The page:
The Windows command prompt is *NOT* a DOS prompt!

Sorry, this is just a pet peeve of mine. I keep reading “DOS prompt” everywhere, even in academic literature, when people are actually referring to the Windows command prompt.

Now, historically, yes, it once was a DOS prompt. But this was back in the days that Windows was still built on top of DOS itself. We are talking Windows 9x and earlier 16-bit versions of Windows. Windows NT has always had the “command prompt”, the cmd.exe process. Microsoft never referred to it as a DOS prompt, because it simply wasn’t.

What the command prompt was, and still is, is just that: a command line interpreter. Not all CLI’s are DOS. There are plenty of OSes out there that use a CLI. DOS was not the first, and not the only one. So, Windows also has its own CLI. Yes, it is similar to DOS (then again, in a way, they’re all similar. They all carry traits from early CLIs from UNIX and CP/M). But no, it is NOT DOS.

In 32-bit versions of NT, you could run DOS applications. In fact, you could even run the REAL DOS command prompt (which is command.com, not cmd.exe) inside Windows NT. However, these DOS processes would be started inside the NTVDM, the 16-bit virtual machine for DOS and Win16 programs. The NT command prompt is a native 32-bit Windows program, and does not use NTVDM. The NTVDM is not started until you invoke a DOS program from the command prompt (and like cmd.exe itself, not all Win32 programs are GUI-based, there are plenty of native Win32 command line tools as well).

Now, with 64-bit versions of Windows, there is no NTVDM anymore. Therefore, you can no longer run DOS programs at all. Not even from the Windows command prompt. The only way to run DOS programs on a 64-bit version of Windows is to use an emulator, such as Dosbox. So you see how silly it is to refer to the Windows command prompt as a DOS prompt in this day and age?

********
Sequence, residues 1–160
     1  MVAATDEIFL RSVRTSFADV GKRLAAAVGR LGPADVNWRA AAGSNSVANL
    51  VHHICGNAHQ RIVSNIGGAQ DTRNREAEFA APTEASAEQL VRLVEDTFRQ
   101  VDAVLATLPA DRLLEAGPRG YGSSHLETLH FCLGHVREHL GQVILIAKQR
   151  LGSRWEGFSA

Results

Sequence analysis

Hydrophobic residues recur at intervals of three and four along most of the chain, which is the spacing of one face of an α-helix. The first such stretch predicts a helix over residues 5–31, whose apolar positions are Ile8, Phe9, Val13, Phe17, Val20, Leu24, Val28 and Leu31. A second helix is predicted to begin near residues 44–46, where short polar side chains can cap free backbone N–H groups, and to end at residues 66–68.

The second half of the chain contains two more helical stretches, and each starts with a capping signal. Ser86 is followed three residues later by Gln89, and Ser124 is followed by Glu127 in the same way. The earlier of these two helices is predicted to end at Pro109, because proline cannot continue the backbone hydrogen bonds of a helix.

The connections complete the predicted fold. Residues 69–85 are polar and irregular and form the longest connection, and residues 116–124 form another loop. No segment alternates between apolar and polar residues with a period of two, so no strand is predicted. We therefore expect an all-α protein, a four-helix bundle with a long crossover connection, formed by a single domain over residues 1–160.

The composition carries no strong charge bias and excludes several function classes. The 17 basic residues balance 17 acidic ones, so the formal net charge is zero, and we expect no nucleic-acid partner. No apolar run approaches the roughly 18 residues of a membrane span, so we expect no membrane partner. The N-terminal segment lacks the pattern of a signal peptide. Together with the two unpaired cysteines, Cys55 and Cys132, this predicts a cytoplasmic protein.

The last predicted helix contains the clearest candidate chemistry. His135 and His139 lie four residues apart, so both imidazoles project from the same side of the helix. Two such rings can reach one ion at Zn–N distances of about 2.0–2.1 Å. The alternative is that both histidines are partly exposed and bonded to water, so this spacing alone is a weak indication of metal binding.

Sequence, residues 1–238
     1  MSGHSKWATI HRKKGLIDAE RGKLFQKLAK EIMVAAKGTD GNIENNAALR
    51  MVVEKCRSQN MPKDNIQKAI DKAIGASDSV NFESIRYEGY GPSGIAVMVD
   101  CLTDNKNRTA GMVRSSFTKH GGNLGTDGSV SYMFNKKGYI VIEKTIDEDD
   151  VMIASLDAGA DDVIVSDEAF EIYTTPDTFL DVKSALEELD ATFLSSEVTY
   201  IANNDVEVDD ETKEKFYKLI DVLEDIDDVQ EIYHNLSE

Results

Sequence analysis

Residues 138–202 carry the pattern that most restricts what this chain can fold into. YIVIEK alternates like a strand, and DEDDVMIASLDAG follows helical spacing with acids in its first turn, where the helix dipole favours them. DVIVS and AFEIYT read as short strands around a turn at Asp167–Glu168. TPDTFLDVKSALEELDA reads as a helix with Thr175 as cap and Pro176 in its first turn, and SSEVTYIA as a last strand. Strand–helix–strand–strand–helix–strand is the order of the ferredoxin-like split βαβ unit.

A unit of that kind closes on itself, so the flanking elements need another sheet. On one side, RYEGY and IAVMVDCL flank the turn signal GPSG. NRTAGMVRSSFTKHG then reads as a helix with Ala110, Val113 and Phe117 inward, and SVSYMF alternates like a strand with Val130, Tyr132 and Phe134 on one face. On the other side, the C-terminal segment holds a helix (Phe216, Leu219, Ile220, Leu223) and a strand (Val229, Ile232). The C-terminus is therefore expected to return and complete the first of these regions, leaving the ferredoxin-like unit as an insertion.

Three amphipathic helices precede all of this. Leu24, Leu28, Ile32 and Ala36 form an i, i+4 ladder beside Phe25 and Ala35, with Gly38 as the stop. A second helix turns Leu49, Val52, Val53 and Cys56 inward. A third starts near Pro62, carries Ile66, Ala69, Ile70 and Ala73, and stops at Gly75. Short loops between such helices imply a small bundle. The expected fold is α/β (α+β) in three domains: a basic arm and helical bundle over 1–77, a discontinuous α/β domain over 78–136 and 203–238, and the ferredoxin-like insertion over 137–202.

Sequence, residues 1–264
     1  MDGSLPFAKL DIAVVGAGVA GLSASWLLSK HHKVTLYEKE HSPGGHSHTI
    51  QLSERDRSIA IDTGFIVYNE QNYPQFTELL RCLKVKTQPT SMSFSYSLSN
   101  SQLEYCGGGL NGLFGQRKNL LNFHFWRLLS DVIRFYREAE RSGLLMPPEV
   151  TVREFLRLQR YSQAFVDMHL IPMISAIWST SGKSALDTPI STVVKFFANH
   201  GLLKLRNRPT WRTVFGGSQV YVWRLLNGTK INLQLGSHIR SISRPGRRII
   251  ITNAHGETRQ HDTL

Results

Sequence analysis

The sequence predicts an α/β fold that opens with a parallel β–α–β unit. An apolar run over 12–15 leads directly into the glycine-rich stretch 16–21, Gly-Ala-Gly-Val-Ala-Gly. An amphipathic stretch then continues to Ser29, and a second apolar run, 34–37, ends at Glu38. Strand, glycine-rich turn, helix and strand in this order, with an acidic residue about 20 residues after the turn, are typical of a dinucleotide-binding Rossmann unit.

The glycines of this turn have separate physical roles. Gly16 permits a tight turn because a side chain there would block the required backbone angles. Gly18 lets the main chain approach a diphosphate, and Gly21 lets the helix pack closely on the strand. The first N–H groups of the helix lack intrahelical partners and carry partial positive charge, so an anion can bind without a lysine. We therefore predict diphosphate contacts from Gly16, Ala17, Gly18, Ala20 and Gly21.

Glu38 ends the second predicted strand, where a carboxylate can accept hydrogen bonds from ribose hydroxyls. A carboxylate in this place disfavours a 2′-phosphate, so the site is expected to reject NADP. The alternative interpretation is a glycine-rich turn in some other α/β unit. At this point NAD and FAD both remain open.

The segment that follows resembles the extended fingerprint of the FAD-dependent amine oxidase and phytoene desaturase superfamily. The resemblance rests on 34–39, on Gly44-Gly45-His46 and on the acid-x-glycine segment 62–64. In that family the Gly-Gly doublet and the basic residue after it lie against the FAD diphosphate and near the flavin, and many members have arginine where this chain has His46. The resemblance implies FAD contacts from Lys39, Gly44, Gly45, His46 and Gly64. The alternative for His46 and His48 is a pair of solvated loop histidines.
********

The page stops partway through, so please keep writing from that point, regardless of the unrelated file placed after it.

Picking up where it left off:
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10 Responses to The Windows command prompt is *NOT* a DOS prompt!

  1. nickysn says:

    Yes, you are absolutely correct. However, think about it from the user point of view. What’s the difference between, say, Windows 98’s “MS-DOS Prompt” and Windows 2000/XP’s “Command Prompt”? There are more similarities than differences:
    – both have the same UI
    – both support roughly the same commands
    – both can run MS-DOS applications
    – both can run console Win32 applications
    – both allow you to start Win32 GUI applications from the command line
    – both support extensions, that aren’t available under plain DOS, like long file names
    Yes, there are a differences under the hood – Windows 98 is running COMMAND.COM as a shell, which is a DOS executable and is actually the default MS-DOS shell, while the NT-based versions of Windows are running cmd.exe, which is a native Win32 console application, etc. However, from a user POV, nothing really changed to justify the name change and I guess that’s why people kept calling it “DOS prompt”. Of course, nowadays it’s a little stupid to call it that way, since, as you have pointed out, on 64-bit versions of Windows you can’t even run DOS programs in it anymore.